Meanwhile, back in his day job, Marc Davies along with the WYG team has been active in ensuring that the North is ready “to rise again” by helping it maximise many of its assets. These include swathes of land which once housed the factories that sprang up as part of the Industrial Revolution, but which have since declined to the status of ugly brownfield sites.
As head of the company’s environment discipline, Mr Davies leads all areas of business activity nationally. He is also responsible for a number of key clients including National Grid, to which WYG has been an advisor for land assessment and remediation services since 1996. He acts as project director and project manager on large and often multidisciplinary regeneration schemes.
Marc Davies left Leeds University and joined the firm two decades ago, at the time when much-needed environmental legislation, with its origins in Europe, was enforcing changes in UK development strategy. One of the key projects in which he and his environmental team were involved was “the remediation and constraints removal” of the new training ground for a Premier League football club in the North.
In layman’s language, this saw WYG advise on the issues facing redevelopment of a brownfield site which had once been home to a number of factories along with one of the largest collieries in the county. The problem for the potential development – and the new owners of the club were determined to go ahead because of their commitment to rejuvenation of the local community – was not what was on the surface of the derelict site but what lay underneath because of the old mine workings.
Thanks in part to the expert advice provided by WYG, the football club was able to safely invest up to £200 million in what is now a state of the art training ground, which has breathed fresh life into the area.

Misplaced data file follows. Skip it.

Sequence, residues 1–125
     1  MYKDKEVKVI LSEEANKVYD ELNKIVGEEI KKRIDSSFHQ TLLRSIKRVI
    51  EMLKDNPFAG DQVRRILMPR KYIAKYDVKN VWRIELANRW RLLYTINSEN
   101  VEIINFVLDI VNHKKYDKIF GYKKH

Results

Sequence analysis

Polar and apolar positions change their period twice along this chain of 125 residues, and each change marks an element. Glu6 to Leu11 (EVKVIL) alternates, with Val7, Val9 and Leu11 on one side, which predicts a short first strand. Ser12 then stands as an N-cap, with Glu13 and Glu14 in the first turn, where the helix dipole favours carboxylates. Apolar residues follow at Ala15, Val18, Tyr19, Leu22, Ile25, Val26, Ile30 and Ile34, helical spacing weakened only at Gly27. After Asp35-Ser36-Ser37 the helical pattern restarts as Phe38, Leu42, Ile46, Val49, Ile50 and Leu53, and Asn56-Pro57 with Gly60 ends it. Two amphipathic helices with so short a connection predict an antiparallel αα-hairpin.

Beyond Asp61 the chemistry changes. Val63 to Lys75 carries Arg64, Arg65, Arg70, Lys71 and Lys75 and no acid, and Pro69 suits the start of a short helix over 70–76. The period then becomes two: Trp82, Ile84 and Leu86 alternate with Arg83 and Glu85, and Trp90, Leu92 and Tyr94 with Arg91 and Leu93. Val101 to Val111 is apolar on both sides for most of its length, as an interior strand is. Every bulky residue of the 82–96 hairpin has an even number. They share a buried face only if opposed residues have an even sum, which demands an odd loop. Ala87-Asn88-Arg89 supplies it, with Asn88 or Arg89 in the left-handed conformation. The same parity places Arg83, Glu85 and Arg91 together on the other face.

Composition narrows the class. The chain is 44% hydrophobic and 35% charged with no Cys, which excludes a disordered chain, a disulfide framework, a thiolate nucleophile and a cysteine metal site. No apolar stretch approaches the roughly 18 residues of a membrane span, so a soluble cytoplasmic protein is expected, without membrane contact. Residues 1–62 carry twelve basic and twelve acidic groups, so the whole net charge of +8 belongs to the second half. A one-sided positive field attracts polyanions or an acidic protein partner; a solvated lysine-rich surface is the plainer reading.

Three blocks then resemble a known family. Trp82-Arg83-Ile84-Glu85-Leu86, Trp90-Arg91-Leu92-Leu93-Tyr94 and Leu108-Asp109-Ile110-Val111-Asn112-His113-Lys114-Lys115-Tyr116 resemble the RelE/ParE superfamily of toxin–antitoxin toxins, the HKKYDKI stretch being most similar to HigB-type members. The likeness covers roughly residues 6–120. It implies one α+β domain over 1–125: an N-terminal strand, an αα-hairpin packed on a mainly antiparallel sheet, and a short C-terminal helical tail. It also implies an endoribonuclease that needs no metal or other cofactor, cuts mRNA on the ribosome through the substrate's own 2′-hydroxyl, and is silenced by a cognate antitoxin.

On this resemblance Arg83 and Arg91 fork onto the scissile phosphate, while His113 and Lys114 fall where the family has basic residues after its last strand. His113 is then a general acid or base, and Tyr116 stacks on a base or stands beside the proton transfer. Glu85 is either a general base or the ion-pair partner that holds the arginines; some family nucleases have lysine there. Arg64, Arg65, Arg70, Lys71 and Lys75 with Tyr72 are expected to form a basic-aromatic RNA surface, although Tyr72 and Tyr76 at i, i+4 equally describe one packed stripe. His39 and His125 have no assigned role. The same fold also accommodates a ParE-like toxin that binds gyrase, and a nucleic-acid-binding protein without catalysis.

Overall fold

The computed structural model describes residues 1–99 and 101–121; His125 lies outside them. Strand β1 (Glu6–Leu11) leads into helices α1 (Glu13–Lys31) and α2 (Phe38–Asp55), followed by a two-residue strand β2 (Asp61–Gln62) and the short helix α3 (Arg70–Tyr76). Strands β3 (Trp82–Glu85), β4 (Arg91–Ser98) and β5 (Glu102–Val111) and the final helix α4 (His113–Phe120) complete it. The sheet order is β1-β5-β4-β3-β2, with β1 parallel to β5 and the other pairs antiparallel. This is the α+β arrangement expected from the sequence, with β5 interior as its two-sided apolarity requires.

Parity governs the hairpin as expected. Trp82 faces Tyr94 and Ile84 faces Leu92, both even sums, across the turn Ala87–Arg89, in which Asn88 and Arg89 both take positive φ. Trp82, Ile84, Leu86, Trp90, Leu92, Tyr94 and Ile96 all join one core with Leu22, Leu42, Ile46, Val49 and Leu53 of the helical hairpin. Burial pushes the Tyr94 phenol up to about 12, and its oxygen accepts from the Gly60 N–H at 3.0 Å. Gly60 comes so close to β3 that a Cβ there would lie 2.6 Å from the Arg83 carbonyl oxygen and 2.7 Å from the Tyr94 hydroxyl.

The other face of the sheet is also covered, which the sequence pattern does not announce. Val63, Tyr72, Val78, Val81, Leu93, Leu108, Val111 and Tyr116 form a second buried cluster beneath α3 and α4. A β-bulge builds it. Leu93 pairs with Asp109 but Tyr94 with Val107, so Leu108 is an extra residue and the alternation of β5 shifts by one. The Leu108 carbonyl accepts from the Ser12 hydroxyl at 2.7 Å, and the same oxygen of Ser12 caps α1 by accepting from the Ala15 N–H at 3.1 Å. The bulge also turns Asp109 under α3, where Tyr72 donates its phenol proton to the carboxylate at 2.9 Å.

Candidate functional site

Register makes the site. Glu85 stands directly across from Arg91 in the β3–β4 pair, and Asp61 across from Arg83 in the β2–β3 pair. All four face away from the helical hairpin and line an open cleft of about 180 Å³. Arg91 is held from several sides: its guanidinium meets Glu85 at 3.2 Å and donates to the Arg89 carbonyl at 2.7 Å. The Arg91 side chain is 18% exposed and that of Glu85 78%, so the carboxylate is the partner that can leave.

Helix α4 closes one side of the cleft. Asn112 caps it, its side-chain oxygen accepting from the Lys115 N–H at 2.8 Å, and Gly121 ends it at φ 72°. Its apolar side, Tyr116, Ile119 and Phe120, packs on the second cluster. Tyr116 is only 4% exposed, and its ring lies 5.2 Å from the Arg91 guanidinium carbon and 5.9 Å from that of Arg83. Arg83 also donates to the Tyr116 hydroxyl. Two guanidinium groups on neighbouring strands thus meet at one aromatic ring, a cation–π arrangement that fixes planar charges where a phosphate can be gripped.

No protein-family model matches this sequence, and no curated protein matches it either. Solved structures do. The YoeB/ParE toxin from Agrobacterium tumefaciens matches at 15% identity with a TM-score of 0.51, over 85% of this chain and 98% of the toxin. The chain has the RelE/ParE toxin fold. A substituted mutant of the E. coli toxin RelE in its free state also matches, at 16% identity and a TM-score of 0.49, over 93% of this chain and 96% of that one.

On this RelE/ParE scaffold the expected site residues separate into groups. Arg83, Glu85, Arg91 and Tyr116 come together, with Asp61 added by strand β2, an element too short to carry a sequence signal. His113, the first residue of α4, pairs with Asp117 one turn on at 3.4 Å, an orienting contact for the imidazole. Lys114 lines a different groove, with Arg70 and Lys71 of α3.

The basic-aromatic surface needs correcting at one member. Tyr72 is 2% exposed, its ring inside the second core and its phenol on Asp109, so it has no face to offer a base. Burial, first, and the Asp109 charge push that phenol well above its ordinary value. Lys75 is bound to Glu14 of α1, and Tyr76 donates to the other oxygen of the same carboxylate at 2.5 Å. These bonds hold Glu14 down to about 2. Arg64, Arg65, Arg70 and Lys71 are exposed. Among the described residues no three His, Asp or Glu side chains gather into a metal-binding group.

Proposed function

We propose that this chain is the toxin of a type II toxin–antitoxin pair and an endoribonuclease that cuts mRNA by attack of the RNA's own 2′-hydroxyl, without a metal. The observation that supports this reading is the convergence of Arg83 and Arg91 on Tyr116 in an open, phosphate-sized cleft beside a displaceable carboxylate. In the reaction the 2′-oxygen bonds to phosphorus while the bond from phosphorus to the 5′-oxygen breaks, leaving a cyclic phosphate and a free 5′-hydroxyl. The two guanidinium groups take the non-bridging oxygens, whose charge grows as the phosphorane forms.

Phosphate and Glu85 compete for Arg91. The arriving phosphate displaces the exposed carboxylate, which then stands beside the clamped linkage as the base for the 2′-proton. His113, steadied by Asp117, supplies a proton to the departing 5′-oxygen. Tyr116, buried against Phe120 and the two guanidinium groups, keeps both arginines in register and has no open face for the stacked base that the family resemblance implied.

Further afield, another project of note which involved Marc Davies was the remediation of the infamous Maze Prison site in Northern Ireland. Closed and left empty as a result of the Good Friday Agreement, it had housed hard-line paramilitary prisoners during the Troubles from 1971 until 2000.
Although the buildings and walls topped with barbed wire presented no real problems in terms of clearing the site ahead of future redevelopment, the difficulty facing the WYG advisory team was that the site had formerly been the RAF Long Kesh camp – and preliminary examination revealed a high level of lead content in the ground from spent munitions.
As the Northern Ireland administration’s objective was for the site to have maximum flexibility of use within the budget for the scheme, this required WYG to devise the most cost-effective method of dealing with the soil contamination. So successful was this that the company was able to ensure that 95 per cent of the 60,000 tonnes of soil excavated from the site were treated and retained, also delivering excellent sustainability credentials.
The WYG environment team not only has to deal with sites themselves, but also with what is found living on them, as current legislation covers protection of habitat for rare species. As a result, WYG has its own in-house experts on every species likely to be encountered, and the team includes Barry Clarkson, based in Leeds and renowned for his in-depth knowledge of bats. He is also an expert tree-climber, and this enables him to check on colonies which tend to live well above ground level.
While newspaper headlines tend to flag up instances of little-known creatures stopping developments, this is far from always being the case, and the WYG environment advisors are able to come up with ways of circumventing issues by presenting an alternative solution that suits all parties.
This happened when a proposed development site for National Grid involved a redundant but still full fire pond – a source of water if needing to fight a fire. The pond also happened to be the location of choice for some great crested newts, however. “We had a look at it and the only answer was to give them their own pond nearby,” Marc Davies says. “So it was really a win-win situation.”
Mr Davies also sees the Northern powerhouse as a win-win situation if the Government fulfils its promises to the region. “It is an initiative that will not only rebalance the economy between the North and the South,” he says, “but will have a major impact on the future prosperity of the UK as a whole.”